Neurologists are very aware of Biogen’s newly approved Alzheimer’s drug aducanumab — brand-name Aduhelm — but few have prescribed it so far, a real-time marketing study of the brand’s launch found.
Despite being the first-ever disease-modifying therapy to be marketed to Alzheimer’s patients, very few specialists surveyed between June 30 and July 6 said they saw aducanumab as a “substantial advance” in treatment, according to market research company Spherix. The first patients were given Aduhelm in mid-June, and only 3% of neurologists reported prescribing the monthly infusion monoclonal antibody to their patients, a report on the study by Fierce Pharma noted.
Respondents estimated that only 1 in 7 patients would be considered candidates for Aduhelm, a monoclonal antibody that is administered via infusion. A subsequent label revision by Biogen that recommends the treatment only for patients with mild dementia could further lower that estimate, Spherix said.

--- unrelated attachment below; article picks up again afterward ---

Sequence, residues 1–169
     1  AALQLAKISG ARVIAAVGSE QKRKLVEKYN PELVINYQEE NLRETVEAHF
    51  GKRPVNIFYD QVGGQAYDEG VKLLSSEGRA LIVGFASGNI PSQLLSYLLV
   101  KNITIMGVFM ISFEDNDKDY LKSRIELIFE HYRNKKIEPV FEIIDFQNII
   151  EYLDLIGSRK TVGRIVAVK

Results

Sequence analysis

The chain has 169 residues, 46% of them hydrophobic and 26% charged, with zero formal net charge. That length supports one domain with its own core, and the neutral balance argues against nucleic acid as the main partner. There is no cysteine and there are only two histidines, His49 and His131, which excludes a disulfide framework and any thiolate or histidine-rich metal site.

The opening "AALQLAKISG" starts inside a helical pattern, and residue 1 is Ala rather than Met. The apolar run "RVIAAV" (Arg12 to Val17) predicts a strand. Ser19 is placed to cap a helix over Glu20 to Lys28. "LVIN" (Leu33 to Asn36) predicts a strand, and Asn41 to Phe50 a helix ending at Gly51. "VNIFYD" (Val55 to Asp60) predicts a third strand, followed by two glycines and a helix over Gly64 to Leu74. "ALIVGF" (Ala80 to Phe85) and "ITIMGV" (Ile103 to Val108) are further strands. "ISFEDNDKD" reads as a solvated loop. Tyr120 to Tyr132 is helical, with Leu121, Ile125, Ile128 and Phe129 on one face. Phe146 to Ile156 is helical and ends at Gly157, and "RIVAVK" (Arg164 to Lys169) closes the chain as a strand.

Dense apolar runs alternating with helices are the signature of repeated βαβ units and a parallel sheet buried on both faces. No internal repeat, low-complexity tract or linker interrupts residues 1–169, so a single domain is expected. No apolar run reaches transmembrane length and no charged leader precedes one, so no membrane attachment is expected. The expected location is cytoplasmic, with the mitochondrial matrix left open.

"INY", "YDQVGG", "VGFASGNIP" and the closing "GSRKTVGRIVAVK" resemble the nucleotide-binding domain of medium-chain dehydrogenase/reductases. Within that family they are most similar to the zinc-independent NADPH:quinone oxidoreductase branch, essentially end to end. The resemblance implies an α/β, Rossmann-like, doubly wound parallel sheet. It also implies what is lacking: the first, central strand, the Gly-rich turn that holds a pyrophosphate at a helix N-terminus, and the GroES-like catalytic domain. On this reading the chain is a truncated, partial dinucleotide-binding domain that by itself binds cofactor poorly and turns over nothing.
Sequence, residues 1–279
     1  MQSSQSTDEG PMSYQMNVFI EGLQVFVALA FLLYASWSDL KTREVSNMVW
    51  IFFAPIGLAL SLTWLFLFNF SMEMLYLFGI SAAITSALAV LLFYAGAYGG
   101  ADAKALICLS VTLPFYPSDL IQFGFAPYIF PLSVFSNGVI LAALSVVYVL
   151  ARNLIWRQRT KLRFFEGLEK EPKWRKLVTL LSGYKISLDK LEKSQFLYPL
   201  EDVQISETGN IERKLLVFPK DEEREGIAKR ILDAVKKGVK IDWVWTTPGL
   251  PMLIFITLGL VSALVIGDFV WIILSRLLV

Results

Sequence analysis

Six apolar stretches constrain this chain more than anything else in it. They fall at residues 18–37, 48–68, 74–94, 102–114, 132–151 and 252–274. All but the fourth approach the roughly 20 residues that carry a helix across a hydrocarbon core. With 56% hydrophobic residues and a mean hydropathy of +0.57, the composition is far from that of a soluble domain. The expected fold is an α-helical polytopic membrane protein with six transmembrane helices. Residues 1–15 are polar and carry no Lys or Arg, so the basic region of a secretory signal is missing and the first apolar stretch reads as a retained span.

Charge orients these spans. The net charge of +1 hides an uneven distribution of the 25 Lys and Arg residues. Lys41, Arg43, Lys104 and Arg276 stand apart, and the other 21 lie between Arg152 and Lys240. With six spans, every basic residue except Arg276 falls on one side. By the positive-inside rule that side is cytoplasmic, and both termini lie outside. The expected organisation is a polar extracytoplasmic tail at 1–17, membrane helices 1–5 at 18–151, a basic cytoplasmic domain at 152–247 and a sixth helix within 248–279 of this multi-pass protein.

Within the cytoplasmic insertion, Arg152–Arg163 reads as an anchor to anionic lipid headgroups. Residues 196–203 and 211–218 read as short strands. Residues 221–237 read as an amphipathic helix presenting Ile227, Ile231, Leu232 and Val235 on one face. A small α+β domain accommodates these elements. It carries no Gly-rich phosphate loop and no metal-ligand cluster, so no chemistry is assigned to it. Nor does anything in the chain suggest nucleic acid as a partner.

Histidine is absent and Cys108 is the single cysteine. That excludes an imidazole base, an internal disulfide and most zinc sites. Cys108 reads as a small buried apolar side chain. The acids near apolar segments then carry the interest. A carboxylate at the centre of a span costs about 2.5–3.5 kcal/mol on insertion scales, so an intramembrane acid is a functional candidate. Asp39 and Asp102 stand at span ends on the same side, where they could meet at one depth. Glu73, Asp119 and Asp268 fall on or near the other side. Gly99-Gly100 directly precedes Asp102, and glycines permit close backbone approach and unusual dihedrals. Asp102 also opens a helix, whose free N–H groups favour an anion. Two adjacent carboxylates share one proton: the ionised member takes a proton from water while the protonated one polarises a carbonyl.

There is pent-up patient demand, added Spherix, but Aduhelm will likely continue to be slow in gaining prescribers, the company concluded. Less than half of the neurologists surveyed predicted that they will become adopters within the first six months of availability. Long-term care physicians, meanwhile, have recommended that the drug not be prescribed to nursing home residents before it is tested in a group that’s representative of that population.
Despite a controversial rollout, which left many in doubt about clinical trials evidence and uncertain about the Food and Drug Administration’s role in approval, more makers of Alzheimer’s monoclonal antibody drugs are projected to follow Aduhelm’s path in seeking federal approval for use. Eli Lilly’s donanemab — recently given breakthrough designation — and Genentech’s gantenerumab could be approved as the second and third Alzheimer’s disease-modifying therapy within two years, Spherix reported.
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